We are now able to understand how the totemic principle,

and in general, every religious force, comes to be outside of the object in which it resides.1 It is because the idea of it is in no way made up of the impressions directly produced by this thing upon our senses or minds. Religious force is only the sentiment inspired by the group in its members, but projected outside of the consciousnesses that experience them, and objectified. To be objectified, they are fixed upon some object which thus becomes sacred ; but any object might fulfil this function. In principle, there are none whose nature predestines them to it to the ex­clusion of all others ; but also there are none that are necessarily impossible.2 Everything depends upon the circumstances which lead the sentiment creating religious ideas to establish itself here or there, upon this point or upon that one. Therefore, the sacred character assumed by an object is not implied in the intrinsic properties of this latter : it is added to them. The world of religious things is not one particular aspect of empirical nature; it is superimposed upon it.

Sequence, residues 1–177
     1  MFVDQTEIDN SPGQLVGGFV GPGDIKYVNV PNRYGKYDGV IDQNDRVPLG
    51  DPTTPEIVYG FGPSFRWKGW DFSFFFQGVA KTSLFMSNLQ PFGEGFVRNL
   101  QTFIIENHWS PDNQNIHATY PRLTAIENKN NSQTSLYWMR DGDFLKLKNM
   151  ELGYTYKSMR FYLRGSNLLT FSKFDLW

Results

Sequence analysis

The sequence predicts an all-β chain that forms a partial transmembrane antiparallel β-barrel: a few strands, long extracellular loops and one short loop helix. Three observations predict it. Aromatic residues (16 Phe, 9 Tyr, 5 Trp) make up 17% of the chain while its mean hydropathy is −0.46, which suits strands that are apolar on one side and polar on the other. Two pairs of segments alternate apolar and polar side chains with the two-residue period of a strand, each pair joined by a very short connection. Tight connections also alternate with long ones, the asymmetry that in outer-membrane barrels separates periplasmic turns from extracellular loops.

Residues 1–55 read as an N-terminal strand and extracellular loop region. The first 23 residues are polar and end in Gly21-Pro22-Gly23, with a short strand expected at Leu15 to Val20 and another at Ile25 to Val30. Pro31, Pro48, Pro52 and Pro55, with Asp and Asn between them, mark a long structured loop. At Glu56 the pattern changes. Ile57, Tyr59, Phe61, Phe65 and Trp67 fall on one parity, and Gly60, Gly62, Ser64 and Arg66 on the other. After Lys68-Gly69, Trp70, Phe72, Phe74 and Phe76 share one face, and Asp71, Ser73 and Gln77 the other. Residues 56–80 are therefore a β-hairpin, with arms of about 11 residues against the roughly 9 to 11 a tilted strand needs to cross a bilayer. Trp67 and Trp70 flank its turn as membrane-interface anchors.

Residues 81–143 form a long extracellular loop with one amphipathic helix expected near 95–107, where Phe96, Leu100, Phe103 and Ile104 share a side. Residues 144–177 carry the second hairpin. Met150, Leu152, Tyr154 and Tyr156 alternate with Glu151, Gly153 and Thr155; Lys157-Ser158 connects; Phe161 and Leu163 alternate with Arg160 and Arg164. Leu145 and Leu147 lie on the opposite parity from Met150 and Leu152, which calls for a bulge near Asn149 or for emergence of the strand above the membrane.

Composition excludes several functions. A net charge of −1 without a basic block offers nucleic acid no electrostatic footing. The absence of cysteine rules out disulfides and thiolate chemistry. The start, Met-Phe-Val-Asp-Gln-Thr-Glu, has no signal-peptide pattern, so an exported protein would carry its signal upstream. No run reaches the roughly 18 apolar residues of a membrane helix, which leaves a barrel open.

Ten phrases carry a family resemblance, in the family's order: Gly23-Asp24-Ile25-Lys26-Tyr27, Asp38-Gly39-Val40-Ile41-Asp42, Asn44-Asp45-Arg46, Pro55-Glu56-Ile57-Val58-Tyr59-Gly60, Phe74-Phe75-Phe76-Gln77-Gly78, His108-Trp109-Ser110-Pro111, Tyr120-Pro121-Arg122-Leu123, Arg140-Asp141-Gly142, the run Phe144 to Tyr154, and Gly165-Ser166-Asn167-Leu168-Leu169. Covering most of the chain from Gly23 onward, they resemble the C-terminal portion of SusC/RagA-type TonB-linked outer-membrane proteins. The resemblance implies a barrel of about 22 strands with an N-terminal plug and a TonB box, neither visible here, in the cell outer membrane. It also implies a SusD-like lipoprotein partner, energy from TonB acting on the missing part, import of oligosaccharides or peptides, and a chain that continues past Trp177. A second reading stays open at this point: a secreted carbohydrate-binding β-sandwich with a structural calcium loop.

This conception of the religious, finally, allows us to explain an important principle found at the bottom of a multitude of myths and rites, and which may be stated thus : when a sacred thing is subdivided, each of its parts remains equal to the thing itself. In other words, as far as religious thought is concerned, the part is equal to the whole ; it has the same powers, the same efficacy. The debris of a relic has the same virtue as a relic in good condition. The smallest drop of blood contains the same active principle as the whole thing. The soul, as we shall see, may be broken up into nearly as many pieces as there are organs or tissues in the organism ; each of these partial souls is worth a whole soul. This conception would be inexplicable if the sacredness of something were due to the constituent properties of the thing itself; for in that case, it should vary with this thing, increasing and decreasing with it. But if the virtues it is believed to possess are not intrinsic in it, and if they come from certain sentiments which it brings to mind and symbolizes, though these originate outside of it, then, since it has no need of determined dimensions to play this role of reminder, it will have the same value whether it is entire or not. Since the part makes us think of the whole, it evokes the same sentiments as the whole. A mere fragment of the flag represents the fatherland just as well as the flag itself : so it is sacred in the same way and to the same degree.3